Tag Archives: systemtap

Using systemtap to trace into libraries

Systemtap is able to trace into userspace libraries. It’s actually very simple:

#!/usr/bin/stap

global last;

function display_time () {
      now = gettimeofday_us ();
      delta = 0;
      if (last > 0)
            delta = now - last;
      last = now;

      printf ("%d (+%d):", now, delta);
}

probe begin {
      last = 0;
      printf ("ready\n");
}

probe process("/usr/lib*/libguestfs.so.0")
            .function("guestfs_[a-z]*") ? {
      display_time();
      printf ("\t%s %s\n", probefunc(), $$parms);
}

Run this script (as root) and in another terminal run any program that uses libguestfs, and you’ll see this output:

$ sudo /tmp/test.stap
ready
1318252148697989 (+0):	guestfs_create 
1318252148698028 (+39):	guestfs_is_config g=0x123ab50
1318252149060531 (+362503):	guestfs_set_pgroup g=0x123ab50 pgroup=0x1
1318252149060588 (+57):	guestfs_add_drive g=0x123ab50 filename=0x123ad50
1318252149060648 (+60):	guestfs_safe_malloc g=0x123ab50 nbytes=0x8
1318252149060668 (+20):	guestfs_safe_realloc g=0x123ab50 ptr=0x123add0 nbytes=0x10
1318252149060689 (+21):	guestfs_safe_strdup g=0x123ab50 str=0x368567df1b
1318252149060705 (+16):	guestfs_safe_realloc g=0x123ab50 ptr=0x123add0 nbytes=0x18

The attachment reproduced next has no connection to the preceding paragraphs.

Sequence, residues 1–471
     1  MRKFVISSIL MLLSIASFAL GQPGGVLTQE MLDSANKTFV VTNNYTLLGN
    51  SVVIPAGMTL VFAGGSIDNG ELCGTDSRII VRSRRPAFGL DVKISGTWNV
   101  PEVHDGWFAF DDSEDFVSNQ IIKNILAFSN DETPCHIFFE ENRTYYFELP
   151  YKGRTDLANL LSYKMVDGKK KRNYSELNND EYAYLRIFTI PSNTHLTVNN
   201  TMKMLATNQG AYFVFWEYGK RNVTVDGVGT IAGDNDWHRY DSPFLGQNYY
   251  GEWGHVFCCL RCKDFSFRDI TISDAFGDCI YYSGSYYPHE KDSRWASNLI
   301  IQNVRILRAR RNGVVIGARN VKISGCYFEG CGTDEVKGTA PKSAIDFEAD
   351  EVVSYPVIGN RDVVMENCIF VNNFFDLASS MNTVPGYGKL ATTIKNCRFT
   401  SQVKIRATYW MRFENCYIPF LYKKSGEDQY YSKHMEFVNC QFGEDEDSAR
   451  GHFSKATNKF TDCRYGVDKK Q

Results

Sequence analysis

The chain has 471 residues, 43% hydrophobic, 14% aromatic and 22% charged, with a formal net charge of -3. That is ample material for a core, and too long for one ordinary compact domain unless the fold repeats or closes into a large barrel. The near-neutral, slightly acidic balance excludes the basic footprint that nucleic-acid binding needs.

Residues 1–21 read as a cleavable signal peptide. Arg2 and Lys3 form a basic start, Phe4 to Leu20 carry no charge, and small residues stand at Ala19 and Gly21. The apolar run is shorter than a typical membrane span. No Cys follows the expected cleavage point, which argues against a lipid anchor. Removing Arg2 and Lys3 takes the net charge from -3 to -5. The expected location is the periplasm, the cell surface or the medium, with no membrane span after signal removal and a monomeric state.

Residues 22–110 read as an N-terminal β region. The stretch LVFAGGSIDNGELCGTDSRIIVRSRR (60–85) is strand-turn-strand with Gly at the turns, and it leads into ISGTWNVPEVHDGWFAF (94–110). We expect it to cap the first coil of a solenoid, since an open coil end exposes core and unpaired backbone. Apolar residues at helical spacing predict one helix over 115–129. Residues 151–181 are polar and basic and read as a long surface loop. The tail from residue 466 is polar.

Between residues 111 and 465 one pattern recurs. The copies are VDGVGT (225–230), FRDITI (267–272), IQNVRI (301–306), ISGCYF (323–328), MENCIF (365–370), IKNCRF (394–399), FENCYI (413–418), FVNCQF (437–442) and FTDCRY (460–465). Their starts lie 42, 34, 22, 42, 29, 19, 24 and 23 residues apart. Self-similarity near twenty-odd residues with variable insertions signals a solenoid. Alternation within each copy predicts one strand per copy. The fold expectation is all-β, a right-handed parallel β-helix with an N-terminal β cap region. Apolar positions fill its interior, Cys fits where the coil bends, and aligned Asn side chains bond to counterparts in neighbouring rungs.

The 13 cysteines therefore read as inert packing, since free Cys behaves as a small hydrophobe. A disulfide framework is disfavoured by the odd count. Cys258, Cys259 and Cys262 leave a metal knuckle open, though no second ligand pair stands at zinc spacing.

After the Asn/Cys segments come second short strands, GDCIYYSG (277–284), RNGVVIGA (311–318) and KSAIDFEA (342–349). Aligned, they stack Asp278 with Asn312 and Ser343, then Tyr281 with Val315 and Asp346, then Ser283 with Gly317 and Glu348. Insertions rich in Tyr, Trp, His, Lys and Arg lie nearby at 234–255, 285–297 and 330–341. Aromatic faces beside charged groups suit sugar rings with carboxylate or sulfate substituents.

1318252149060719 (+14):	guestfs_safe_strdup g=0x123ab50 str=0x7fffea8473f0
1318252149060736 (+17):	guestfs_is_config g=0x123ab50
1318252149060749 (+13):	guestfs_launch g=0x123ab50
[etc.]
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Half-baked ideas: feedback-directed fuzz testing of filesystems

For more half-baked ideas, see my ideas tag

Fuzz-testing (a.k.a random testing) is an automatic method of testing where you feed in random data and try to make the program crash.

You might, for example, write random bytes to a disk, then ask Linux to mount it. This is not very sophisticated since Linux is unlikely to find a filesystem signature in pure random bytes, so the test will almost always fail to test anything. A better approach is to take an existing disk image and write random bits to parts of it. This is what Steve Grubb’s fsfuzzer does, but it’s still not the state of the art, although Steve found several bugs with it.

Suppose we think of a filesystem as just an array of integers:

4, 5, 13, 0, 2, ...

The code in the kernel to read this filesystem might start off:

if ((fs[0] & 3) != 0) {
  printk ("invalid filesystem");
  return -EINVAL;
}

If you generate random filesystems, then only 1 in 4 filesystems will get past this first test in the code, so only 1 in 4 of your random tests is testing anything beyond the first statement.

A better approach is to use feedback from the kernel code to evolve your fuzz tests. You score each fuzz test based on how far into the kernel code it gets, then you use that score to evolve your tests using standard genetic algorithm techniques. The idea is that your fuzz tests evolve to test more and more of the kernel code you are interested in testing, instead of just randomly falling down at the first hurdle.

(This technique is well-known in research as feedback-directed fuzz testing, feedback-directed random testing, or evolutionary fuzz testing. As far as I can tell no one is using it on Linux.)